It’s easy to forget about the people. Yes, B2B marketing is brands selling to other brands, but behind those brands are people actually doing the buying.

It’s easy to forget about the people. Yes, B2B marketing is brands selling to other brands, but behind those brands are people actually doing the buying. And those people are consumers who, in every other aspect of their life, live in the B2C world.

This continues to be a central theme in B2B e-commerce and one that was discussed at length during IRCE 2016 this past June in Chicago, and has been for the past few years. B2B e-commerce customers want a B2C experience, but with all of the enhancements and functionality that make B2B ordering easier.

The B2B difference

There is no real out-of-the-box template for B2B e-commerce. B2B relationships are much more complex and nuanced than those of B2C. And while the traditional sales funnel—or the path a buyer takes from researching a product to making a purchase— is gone for both B2B and B2C, the B2B purchase path can become more complicated with an extended pre-purchase window, which is where marketing and sales teams focus most of their attention. But the B2B journey extends past that pre-purchase and purchase experience, B2B sellers need to hone in on the service and post-purchase journeys to retain and create advocates of their customers.

Company research discussed at IRCE 2016 demonstrated the role of emotions in the B2B decision-making process. Unlike most B2C purchases, B2B purchases can impact an entire company and, more important, the reputation of the purchaser within that company.


Finding ways to make the buying process easier, while helping the purchasers confirm they are making the right choice, will help increase conversion rates and create ongoing advocates. Tactics to do this include personalized recommendations based on behaviors and company attributes, data on product trends and purchase patterns, and robust content about products to help buyers make informed decisions. .

The B2C experience

So how do you deliver the B2C customer experience? Create a visually engaging and friendly user experience, show the right price, and make shipping easy. To dive a little deeper, this means you should:

Simplify the path

  • Blend content and commerce
  • Deliver functionality customers are asking for (not what you think they want)
  • Include enhanced search features
  • Offer related products and recommendations

Own the first click

  • Keep buyers on the site
  • Include engagement tools (calls to action, comparisons, saved carts, wish lists)
  • Don’t just compete on price, compete on experience

The experience is important because Amazon is solidly in the B2B space. 82% of buyers have used Amazon to research and compare prices for work purchases. The brand continues to build out its marketplace, enticing both buyers and sellers into the Amazon ecosystem. Amazon brings all its best practices to bear, including robust product detail pages, price comparisons, and shipping deals, while layering in B2B requirements like price books and quoting.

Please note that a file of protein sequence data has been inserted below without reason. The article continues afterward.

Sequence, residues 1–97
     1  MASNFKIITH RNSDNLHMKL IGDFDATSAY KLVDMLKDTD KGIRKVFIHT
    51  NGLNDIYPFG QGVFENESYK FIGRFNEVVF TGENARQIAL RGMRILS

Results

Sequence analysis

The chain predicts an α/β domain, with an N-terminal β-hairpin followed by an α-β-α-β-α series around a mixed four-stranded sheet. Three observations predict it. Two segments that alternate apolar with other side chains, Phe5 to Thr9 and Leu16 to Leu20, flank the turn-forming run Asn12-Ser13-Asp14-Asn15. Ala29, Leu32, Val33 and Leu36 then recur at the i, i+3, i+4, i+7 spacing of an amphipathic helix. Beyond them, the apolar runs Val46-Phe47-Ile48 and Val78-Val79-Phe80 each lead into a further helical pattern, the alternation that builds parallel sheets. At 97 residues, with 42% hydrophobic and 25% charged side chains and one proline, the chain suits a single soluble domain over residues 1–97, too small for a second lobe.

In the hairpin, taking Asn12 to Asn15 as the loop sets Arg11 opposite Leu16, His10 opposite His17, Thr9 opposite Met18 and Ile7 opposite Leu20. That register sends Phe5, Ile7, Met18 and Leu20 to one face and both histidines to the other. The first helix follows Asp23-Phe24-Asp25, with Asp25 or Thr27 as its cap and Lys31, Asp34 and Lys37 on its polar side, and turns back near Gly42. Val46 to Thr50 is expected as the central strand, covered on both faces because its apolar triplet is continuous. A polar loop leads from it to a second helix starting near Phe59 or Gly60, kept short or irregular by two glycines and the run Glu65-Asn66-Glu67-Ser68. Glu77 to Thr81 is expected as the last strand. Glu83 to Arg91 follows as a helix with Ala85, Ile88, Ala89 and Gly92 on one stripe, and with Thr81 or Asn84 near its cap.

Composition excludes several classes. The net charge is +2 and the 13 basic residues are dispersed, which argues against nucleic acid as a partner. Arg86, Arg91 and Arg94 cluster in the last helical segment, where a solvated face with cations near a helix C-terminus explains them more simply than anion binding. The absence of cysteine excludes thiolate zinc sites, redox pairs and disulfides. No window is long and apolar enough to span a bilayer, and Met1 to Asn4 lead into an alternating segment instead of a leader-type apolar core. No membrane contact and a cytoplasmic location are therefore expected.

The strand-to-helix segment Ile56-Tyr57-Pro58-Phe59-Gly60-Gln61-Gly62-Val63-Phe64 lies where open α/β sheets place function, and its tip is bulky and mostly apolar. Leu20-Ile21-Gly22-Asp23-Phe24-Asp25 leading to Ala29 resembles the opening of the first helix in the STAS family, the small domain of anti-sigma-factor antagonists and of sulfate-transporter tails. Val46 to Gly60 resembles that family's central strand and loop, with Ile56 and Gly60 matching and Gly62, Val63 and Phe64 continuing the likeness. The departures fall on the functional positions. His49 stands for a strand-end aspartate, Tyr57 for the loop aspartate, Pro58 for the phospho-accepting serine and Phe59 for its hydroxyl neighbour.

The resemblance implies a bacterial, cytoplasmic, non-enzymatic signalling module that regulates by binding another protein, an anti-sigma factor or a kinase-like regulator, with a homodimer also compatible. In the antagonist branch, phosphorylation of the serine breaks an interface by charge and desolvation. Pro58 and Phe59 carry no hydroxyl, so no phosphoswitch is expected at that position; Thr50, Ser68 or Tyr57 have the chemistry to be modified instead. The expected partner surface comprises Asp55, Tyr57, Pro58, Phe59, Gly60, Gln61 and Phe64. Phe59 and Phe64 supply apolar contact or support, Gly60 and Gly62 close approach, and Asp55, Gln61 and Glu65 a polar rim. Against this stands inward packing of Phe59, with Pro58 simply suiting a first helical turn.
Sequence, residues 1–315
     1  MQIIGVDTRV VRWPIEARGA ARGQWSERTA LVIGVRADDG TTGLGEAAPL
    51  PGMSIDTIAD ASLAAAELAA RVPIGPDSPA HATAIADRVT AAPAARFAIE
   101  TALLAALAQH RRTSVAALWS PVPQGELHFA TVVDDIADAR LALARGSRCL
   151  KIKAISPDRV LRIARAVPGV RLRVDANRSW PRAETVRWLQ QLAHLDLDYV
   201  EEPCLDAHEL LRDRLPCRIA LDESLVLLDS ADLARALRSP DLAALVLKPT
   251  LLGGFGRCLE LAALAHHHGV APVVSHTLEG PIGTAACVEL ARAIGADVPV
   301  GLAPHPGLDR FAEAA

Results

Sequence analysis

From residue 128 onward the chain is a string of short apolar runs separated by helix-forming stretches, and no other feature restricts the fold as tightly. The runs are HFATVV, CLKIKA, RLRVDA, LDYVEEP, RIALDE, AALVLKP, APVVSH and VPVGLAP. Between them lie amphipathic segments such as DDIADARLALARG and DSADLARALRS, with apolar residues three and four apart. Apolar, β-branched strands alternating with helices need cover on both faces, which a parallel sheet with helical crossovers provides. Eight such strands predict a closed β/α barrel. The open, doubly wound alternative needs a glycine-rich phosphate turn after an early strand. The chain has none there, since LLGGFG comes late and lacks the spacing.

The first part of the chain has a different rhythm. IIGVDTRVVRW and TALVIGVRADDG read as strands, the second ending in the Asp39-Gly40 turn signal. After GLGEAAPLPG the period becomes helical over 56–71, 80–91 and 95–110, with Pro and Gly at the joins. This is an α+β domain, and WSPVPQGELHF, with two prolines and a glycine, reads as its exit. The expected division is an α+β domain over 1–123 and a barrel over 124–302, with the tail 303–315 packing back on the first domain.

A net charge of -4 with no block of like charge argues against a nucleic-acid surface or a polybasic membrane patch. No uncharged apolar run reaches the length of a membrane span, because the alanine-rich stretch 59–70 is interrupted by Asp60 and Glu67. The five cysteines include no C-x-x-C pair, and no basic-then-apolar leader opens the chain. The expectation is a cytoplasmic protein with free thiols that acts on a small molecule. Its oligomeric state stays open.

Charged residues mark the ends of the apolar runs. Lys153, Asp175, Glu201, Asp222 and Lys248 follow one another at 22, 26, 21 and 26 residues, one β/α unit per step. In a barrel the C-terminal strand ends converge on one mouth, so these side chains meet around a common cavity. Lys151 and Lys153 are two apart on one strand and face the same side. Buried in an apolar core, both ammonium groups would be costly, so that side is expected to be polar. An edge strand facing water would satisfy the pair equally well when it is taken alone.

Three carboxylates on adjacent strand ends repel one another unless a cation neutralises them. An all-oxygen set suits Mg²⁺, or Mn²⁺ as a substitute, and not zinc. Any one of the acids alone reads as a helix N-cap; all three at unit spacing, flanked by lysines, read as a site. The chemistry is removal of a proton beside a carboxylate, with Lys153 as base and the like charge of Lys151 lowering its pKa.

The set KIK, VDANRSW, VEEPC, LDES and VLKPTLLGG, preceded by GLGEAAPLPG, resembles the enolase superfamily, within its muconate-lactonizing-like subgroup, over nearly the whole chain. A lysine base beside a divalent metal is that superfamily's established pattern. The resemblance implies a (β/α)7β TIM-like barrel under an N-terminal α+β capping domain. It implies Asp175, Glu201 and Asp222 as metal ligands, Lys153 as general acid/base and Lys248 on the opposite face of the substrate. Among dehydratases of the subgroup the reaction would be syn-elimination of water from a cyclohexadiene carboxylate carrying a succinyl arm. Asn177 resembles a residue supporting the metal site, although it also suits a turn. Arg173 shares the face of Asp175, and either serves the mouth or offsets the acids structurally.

B2B businesses will have to compete on the Amazon experience to continue to maintain direct relationships with their buyers.  If they can reduce friction and make the buying experience easier for the purchaser, they will increase loyalty.

There’s a reason to go through all of this work catering to the more complex B2B e-commerce relationships: there is much money to be made. B2B e-commerce sales will grow to  more than twice the size of B2C by 2020, to the tune of $1.13 trillion in the U.S. according to Forrester Research Inc.

B2B customers are already shopping on the Internet, and research indicates they are at least three years ahead of most brands. In many cases, customers are just waiting for brands to catch up to their expectations. Already 63% of B2B buyers research at least half of their product purchases online, and 53% will complete at least half of their purchases online by 2018. If companies do not have an e-commerce website to capture that traffic, someone else will. It is quickly becoming the expectation. It is no longer of question of “if” but should be a question of “how fast can we get there.”


It is an exciting time for B2B e-commerce. Companies, software platforms, and customers are coming together to find innovative ways to capitalize on the opportunity to improve the internal workings of businesses, while better servicing their customers.

Its hard work to re-engineer large corporations, but those that take on the challenge and succeed will reap the many rewards.

Sarah Cucchiara is a senior e-commerce strategist at DEG, a full-service digital marketing agency based in Overland Park, Kan. With expertise in retail e-commerce and B2B lead generation, Sarah has played a lead role in developing and implementing interactive marketing strategies for national and global brands, including Hallmark, Purina, Lee Jeans, Helzberg Diamonds, Freightquote, and TITLE Boxing. Follow her on Twitter @sccuchiara and on LinkedIn.